According to the Consumer Financial Protection Bureau (CFPB), you have the right to repay your student loans as fast as you can. You might want to prioritize these loans first, even after refinancing for a lower interest rate, as they are likely some of the biggest debts you have. Paying them in the standard repayment period of 10 years, or faster, will give you some peace of mind.
The Pros and Cons of Debt Stacking
Using the debt stacking method to pay off your debts is mathematically the best approach for most people. Debt stacking considers all your debts based on risk rather than principal size. However, it does not always lead to the same level of happiness as other approaches.
- Pros: People who benefit from debt stacking or debt avalanche prefer this approach because you save as much money as possible on interest payments. With other approaches, like debt snowballing, you might feel more successful by paying off smaller loans first, but you could end up paying more money over time on interest.
Focusing on higher interest rates with the debt stacking method means you pay off interest faster regardless of the size of the loan. You can save hundreds or thousands of dollars through this method. Since credit cards and car payments tend to have higher interest rates than student loans, you can continue to use student loan interest payments as a tax write-off, which can save you even more money.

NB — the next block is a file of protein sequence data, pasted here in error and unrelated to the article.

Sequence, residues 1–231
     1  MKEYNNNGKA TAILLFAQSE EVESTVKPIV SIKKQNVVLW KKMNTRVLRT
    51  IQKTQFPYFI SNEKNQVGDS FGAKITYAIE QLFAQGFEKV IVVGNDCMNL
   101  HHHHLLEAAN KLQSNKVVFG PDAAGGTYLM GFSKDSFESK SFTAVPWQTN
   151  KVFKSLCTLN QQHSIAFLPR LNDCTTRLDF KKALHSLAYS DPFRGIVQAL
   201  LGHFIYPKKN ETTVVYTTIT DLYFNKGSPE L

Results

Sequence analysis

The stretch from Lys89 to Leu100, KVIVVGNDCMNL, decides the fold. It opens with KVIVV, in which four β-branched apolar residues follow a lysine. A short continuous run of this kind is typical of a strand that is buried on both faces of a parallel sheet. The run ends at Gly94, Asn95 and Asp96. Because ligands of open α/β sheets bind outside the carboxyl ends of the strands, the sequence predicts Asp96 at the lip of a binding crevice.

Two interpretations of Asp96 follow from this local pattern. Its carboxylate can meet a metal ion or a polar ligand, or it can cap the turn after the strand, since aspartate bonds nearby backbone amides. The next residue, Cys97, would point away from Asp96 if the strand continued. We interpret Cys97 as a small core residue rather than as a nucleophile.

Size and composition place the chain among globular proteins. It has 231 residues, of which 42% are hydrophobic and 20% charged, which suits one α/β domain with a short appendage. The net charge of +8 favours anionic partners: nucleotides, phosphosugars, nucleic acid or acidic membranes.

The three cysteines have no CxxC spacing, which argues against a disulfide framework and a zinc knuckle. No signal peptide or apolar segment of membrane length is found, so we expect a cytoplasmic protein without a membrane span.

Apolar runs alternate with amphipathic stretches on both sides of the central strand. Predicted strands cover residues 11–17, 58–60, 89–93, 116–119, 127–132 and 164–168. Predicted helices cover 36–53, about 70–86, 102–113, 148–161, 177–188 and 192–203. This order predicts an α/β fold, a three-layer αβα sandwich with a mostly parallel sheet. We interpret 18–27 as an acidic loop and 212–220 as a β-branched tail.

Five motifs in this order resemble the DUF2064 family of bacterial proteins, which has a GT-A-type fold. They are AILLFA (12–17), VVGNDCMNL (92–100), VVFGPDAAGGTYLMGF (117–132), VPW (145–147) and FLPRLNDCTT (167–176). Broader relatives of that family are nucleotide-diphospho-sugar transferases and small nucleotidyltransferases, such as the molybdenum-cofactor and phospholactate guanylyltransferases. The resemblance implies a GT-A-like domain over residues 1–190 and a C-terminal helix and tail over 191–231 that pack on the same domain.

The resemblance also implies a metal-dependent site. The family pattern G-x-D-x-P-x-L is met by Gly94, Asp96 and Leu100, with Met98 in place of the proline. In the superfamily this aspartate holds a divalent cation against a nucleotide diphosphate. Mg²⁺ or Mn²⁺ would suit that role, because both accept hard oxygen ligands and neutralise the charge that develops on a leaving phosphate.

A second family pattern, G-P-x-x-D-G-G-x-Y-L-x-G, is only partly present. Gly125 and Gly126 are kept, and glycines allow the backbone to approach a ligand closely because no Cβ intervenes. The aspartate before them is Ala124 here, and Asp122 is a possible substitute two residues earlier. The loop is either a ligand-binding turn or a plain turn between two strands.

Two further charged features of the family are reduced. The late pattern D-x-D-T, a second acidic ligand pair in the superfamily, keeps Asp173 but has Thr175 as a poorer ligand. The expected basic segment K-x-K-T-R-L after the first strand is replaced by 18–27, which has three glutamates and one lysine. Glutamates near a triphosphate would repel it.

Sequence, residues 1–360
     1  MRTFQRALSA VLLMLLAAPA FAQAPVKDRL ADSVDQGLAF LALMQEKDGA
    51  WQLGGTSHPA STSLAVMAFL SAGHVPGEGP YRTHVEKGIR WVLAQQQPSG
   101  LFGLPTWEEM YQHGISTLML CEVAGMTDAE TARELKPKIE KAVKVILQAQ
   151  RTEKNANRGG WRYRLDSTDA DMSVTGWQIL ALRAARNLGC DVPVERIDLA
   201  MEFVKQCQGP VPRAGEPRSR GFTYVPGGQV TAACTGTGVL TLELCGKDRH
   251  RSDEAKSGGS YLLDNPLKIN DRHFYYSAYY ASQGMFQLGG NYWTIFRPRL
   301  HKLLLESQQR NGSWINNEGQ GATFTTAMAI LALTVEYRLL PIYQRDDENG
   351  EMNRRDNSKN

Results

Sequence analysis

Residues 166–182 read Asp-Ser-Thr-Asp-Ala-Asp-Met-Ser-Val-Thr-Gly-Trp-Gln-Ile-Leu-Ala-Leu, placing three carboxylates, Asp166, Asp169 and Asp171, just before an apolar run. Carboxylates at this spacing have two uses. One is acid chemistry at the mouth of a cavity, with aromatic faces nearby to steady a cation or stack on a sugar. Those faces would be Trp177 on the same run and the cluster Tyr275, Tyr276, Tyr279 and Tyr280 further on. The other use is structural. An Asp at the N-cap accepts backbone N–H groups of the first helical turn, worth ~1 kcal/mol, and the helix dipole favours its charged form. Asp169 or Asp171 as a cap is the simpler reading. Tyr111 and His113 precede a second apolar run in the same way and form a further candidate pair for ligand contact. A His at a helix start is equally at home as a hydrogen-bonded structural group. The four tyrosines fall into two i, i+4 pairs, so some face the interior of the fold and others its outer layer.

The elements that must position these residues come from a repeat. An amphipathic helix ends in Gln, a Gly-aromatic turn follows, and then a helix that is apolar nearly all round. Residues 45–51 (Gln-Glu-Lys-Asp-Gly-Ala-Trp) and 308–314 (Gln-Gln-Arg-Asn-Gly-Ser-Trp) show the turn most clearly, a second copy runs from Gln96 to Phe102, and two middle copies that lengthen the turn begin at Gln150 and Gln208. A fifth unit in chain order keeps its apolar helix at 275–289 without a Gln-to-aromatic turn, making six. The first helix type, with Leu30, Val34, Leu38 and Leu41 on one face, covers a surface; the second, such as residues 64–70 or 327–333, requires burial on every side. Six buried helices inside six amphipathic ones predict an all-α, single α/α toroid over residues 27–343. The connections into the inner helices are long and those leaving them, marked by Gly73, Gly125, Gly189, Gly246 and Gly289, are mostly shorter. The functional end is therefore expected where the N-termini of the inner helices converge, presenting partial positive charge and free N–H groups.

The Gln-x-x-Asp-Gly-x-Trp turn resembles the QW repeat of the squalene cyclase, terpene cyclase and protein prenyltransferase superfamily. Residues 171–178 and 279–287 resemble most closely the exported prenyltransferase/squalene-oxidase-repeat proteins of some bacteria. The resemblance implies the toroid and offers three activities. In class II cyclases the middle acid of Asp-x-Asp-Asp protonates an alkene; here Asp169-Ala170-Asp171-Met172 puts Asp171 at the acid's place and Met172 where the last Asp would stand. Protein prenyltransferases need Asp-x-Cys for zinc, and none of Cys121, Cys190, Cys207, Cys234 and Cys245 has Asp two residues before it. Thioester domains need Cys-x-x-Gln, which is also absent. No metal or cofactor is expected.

- Cons: With debt snowballing, you pay off debts faster because you focus on the smaller ones first, which can lead to a sense of accomplishment. In comparison, the debt stacking method means you focus on grinding away at the larger debts, so you may not feel rewarded after each payment.
It could take longer to pay off larger debts with higher interest. When you do pay off those loans, more of your money will be freed up, so you can pay down your debt with the next highest interest rate.
Repaying Loans Through Debt Stacking Is Mathematically the Best Approach
If you are the kind of person who works well with a long-term plan and does not need the immediate jolt of positive reinforcement that a debt snowball approach gives, debt stacking works very well.
You can get some positive reinforcement when you make a budget for yourself and see how much money you have remaining at the end of the month after you have made all the basic monthly payments on your debts. Any additional money remaining goes toward high-interest debt, so you know that you are paying down the riskiest debts you have until you are free from them. Even though this does not eliminate small debt very fast, it is an approach that can make you feel satisfied long term, as you watch the amount of your debt reduce.
Focusing on debt stacking also means you can be honest about your student loan payments. Many people feel that monthly payments leave them floundering for cash. Looking at each debt you have and comparing interest rates, repayment plans, and installments means that you can see if you need help with your student loans.
Consolidation and refinancing, deferment or forbearance, and federal loan forgiveness programs are all methods of managing student loans. Other types of loans don’t offer so many options for repayment, so take advantage of these opportunities while paying down other debts.